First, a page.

The world economy is marked by sluggish growth and absent price pressure. Despite unprecedented monetary easing, inflation expectations have declined further. Bond yields have set new historical lows and can continue to do so. Central bank buying programs add to the picture as bond scarcity in core government markets increases downward pressure on interest rates.
In the Eurozone, the rules of the ECB’s Quantitative Easing (QE) program are forcing the ECB to buy long-end bonds only. The deposit rate rule only allows the ECB to buy bonds with a yield to maturity higher than the deposit rate, i.e. minus 0,4%. With declining interest rates, more and more bonds trade below the deposit rate, making them ineligible for the ECB to purchase.
In practice it means that since the start of June, the minimum maturity that can be bought moved from 5 to 8 years in Germany. This also has a second round effect: with a decreasing pool of purchasable bonds more needs to be bought per bond to get to the required monthly target of EUR 80 billion. As a result, one of the other rules of the program becomes increasingly pressing: the maximum percentage that may be purchased per outstanding bond. This limit, also known as the issue limit, is set at 33%.
Without changes in the parameters of the purchase programs, we think that the ECB will struggle to buy government bonds in both Germany and the Netherlands around year end. The ECB has options to increase the issue limit for bonds issued before 2013 to e.g. 50% or more. This will give the ECB leeway to continue buying for one or two more quarters. And since these older bonds are mostly concentrated in the long end of the curve, the ECB will again focus buying in that part of the curve.
An alternative ‘nuclear’ option to address the scarcity issue is for the ECB to give up on the capital key rule. Currently the government bond purchases are split across the Eurozone countries according to the capital key weights. The key is calculated according to the size of a member state in relation to the European Union as a whole, size being measured by population and gross domestic product in equal parts. Changing the purchasing basket according to e.g. debt outstanding (market capitalization) would hugely favor Italian bonds at the expense of German bonds. Italy’s outstanding public debt is higher in nominal terms whereas the economy is smaller. We regard this option as politically highly controversial for now. It would be a step closer to Eurobonds. However, in the context of an existential threat to the euro system (Brexit, meltdown Italian banking sector) nothing can be excluded.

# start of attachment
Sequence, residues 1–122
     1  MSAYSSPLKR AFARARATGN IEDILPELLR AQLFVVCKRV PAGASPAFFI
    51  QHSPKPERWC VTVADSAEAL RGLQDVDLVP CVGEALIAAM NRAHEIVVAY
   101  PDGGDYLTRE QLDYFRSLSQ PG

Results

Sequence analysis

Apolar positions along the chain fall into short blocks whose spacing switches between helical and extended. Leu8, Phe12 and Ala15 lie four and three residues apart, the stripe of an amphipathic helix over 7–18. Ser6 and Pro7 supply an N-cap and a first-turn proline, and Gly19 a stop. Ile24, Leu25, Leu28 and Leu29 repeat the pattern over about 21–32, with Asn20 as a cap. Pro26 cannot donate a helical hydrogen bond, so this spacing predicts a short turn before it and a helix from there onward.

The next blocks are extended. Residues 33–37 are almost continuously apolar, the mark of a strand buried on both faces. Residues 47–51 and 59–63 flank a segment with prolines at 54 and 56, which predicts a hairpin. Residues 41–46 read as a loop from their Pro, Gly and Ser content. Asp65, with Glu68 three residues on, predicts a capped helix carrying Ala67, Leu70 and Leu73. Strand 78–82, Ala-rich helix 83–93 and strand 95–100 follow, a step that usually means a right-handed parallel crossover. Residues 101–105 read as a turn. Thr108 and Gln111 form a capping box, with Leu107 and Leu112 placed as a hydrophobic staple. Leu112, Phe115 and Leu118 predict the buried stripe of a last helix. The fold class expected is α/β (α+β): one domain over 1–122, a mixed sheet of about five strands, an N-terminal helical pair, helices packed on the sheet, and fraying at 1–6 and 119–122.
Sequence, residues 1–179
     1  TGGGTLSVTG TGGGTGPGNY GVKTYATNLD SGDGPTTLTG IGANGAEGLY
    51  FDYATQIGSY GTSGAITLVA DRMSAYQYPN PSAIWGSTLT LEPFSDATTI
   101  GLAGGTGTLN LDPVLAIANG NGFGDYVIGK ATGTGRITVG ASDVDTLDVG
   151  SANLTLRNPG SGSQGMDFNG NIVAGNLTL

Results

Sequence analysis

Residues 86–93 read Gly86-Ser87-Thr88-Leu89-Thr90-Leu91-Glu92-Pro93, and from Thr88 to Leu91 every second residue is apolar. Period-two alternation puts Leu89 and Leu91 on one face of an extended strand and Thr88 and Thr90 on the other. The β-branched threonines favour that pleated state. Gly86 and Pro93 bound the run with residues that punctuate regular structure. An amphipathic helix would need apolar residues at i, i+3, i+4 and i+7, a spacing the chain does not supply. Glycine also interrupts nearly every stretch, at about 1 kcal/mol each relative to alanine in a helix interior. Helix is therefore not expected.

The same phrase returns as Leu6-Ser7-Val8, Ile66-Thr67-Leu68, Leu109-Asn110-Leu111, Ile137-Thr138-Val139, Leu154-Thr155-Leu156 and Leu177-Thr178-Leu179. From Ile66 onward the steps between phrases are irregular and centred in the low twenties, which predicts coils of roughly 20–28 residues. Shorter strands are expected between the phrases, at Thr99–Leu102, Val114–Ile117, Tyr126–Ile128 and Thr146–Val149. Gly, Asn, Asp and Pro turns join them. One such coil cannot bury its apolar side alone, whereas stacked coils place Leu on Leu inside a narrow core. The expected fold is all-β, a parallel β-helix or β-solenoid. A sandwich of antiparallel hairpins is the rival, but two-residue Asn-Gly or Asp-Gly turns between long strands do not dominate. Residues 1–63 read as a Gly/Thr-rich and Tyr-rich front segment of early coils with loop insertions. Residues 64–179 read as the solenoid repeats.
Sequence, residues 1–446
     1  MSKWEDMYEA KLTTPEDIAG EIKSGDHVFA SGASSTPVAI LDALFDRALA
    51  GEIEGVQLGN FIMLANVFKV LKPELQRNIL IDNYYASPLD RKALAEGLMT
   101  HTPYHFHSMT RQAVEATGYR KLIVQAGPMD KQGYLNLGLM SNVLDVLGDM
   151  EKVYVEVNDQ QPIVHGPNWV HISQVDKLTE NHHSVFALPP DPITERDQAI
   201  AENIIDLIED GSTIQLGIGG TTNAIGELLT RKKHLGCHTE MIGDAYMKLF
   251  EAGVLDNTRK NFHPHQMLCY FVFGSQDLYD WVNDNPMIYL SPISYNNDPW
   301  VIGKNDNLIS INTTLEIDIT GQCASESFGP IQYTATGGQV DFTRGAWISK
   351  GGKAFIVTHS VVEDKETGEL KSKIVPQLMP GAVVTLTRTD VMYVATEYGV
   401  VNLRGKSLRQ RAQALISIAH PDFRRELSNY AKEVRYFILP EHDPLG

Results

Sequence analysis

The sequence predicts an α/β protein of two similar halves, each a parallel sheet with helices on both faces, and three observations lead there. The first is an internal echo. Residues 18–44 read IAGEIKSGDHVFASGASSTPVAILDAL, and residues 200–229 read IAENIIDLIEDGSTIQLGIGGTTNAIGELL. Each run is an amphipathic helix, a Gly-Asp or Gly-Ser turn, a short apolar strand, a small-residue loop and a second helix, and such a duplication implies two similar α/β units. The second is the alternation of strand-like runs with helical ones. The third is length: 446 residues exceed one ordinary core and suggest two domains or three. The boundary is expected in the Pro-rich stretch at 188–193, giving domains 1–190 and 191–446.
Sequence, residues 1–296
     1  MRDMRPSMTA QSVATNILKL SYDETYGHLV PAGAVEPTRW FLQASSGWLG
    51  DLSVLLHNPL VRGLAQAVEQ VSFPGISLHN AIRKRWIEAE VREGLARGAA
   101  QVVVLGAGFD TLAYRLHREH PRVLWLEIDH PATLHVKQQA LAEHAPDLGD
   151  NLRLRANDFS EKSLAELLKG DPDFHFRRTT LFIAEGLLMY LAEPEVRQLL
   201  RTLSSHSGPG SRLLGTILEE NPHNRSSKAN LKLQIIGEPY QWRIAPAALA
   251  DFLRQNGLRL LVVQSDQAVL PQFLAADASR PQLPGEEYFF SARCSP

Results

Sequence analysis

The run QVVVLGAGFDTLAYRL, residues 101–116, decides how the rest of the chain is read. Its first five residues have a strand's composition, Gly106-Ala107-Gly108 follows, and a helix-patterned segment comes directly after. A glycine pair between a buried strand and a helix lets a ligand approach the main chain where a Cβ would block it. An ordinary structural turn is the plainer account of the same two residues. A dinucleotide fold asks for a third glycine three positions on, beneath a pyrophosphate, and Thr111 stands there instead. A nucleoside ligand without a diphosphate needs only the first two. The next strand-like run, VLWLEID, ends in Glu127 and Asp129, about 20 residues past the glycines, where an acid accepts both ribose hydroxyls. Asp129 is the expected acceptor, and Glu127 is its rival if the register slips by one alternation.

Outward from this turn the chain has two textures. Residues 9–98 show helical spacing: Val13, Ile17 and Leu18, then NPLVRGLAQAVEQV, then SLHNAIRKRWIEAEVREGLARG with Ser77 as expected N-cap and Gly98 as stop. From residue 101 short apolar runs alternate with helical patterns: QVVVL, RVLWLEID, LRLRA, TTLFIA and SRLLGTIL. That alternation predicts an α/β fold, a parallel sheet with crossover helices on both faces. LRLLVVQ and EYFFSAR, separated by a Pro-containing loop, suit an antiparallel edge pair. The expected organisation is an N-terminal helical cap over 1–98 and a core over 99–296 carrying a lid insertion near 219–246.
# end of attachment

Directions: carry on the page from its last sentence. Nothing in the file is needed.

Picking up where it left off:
As prospects for (further) rate cuts in the US and the Eurozone are slim, long dated bonds remain our favorite. In the US the 30-year yield is approaching the 2% handle. The US money market curve no longer discounts any rate hike for the next two years. From a risk/reward perspective, most value is in long dated US Treasuries. In the Eurozone we expect the 30-year segment in Germany to benefit from further ECB policy measures, as explained above.
The surprise outcome of the Brexit referendum is bullish for UK Gilts. Business and consumer confidence in the UK will tumble. The Bank of England may potentially restart Quantitative Easing. The UK Gilt market will converge to the Eurozone bond market dynamics, having shown more parallels with the US Treasury market in recent years.
As the credit cycle is maturing, leverage is rising, especially for US companies. This calls for a cautious stance. We favor the European corporate bond market, more specifically subordinate financials. Brexit fears and worries about the Italian banking sector have pressured this segment year to date. We believe current valuations offer enough protection. The ECB corporate bond purchasing program will have positive spill-over effects also for this specific sector.
The star performer of the year has further to go. The imminent threat of a Fed rate hike has disappeared for now. This enables investors to focus more on the attractive yield differential compared with developed markets. Fund flow information underlines that appetite for this battered sector is gradually coming back.
This report is not available for users from countries where the offering of foreign financial services is not permitted, such as US citizens and residents.
当資料は情報提供を目的として、Robeco Institutional Asset Management B.V.が作成した英文資料、もしくはその英文資料をロベコ・ジャパン株式会社が翻訳したものです。資料中の個別の金融商品の売買の勧誘や推奨等を目的とするものではありません。記載された情報は十分信頼できるものであると考えておりますが、その正確性、完全性を保証するものではありません。意見や見通しはあくまで作成日における弊社の判断に基づくものであり、今後予告なしに変更されることがあります。運用状況、市場動向、意見等は、過去の一時点あるいは過去の一定期間についてのものであり、過去の実績は将来の運用成果を保証または示唆するものではありません。また、記載された投資方針・戦略等は全ての投資家の皆様に適合するとは限りません。当資料は法律、税務、会計面での助言の提供を意図するものではありません。
商号等： ロベコ・ジャパン株式会社 金融商品取引業者 関東財務局長（金商）第２７８０号
加入協会： 一般社団法人 日本投資顧問業協会